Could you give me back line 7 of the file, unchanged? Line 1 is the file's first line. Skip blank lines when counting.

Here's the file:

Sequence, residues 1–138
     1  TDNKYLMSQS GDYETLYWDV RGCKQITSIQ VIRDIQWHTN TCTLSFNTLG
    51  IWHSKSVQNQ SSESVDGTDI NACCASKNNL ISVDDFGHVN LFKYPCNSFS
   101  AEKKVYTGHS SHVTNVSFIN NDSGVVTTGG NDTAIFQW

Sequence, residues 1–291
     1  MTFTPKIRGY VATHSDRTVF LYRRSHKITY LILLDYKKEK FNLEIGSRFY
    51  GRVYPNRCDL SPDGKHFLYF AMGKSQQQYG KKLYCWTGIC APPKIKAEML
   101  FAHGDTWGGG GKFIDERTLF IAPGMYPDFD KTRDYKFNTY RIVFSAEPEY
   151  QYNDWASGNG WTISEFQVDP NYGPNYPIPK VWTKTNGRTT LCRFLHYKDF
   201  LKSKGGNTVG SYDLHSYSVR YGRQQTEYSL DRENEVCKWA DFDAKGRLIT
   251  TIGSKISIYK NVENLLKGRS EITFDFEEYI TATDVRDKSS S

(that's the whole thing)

    51  GRVYPNRCDL SPDGKHFLYF AMGKSQQQYG KKLYCWTGIC APPKIKAEML